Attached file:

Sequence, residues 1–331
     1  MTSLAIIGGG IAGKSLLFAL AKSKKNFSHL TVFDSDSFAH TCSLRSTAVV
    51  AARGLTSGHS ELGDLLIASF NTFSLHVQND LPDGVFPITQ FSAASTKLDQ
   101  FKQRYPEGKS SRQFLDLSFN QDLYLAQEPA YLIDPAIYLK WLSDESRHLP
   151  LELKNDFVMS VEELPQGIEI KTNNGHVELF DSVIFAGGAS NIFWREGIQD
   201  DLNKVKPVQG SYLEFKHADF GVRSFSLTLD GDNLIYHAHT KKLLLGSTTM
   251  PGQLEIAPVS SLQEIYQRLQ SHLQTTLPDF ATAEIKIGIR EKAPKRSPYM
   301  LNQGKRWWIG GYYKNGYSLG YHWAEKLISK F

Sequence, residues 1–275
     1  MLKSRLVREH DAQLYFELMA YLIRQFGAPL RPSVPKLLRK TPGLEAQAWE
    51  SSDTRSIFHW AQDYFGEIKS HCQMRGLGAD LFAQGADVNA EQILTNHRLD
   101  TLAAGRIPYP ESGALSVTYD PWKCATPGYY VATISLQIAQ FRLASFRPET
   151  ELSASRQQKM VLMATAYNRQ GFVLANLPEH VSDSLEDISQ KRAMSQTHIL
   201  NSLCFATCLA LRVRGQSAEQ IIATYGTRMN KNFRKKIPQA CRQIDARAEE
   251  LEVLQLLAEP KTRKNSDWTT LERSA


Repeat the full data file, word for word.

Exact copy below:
Sequence, residues 1–331
     1  MTSLAIIGGG IAGKSLLFAL AKSKKNFSHL TVFDSDSFAH TCSLRSTAVV
    51  AARGLTSGHS ELGDLLIASF NTFSLHVQND LPDGVFPITQ FSAASTKLDQ
   101  FKQRYPEGKS SRQFLDLSFN QDLYLAQEPA YLIDPAIYLK WLSDESRHLP
   151  LELKNDFVMS VEELPQGIEI KTNNGHVELF DSVIFAGGAS NIFWREGIQD
   201  DLNKVKPVQG SYLEFKHADF GVRSFSLTLD GDNLIYHAHT KKLLLGSTTM
   251  PGQLEIAPVS SLQEIYQRLQ SHLQTTLPDF ATAEIKIGIR EKAPKRSPYM
   301  LNQGKRWWIG GYYKNGYSLG YHWAEKLISK F

Sequence, residues 1–275
     1  MLKSRLVREH DAQLYFELMA YLIRQFGAPL RPSVPKLLRK TPGLEAQAWE
    51  SSDTRSIFHW AQDYFGEIKS HCQMRGLGAD LFAQGADVNA EQILTNHRLD
   101  TLAAGRIPYP ESGALSVTYD PWKCATPGYY VATISLQIAQ FRLASFRPET
   151  ELSASRQQKM VLMATAYNRQ GFVLANLPEH VSDSLEDISQ KRAMSQTHIL
   201  NSLCFATCLA LRVRGQSAEQ IIATYGTRMN KNFRKKIPQA CRQIDARAEE
   251  LEVLQLLAEP KTRKNSDWTT LERSA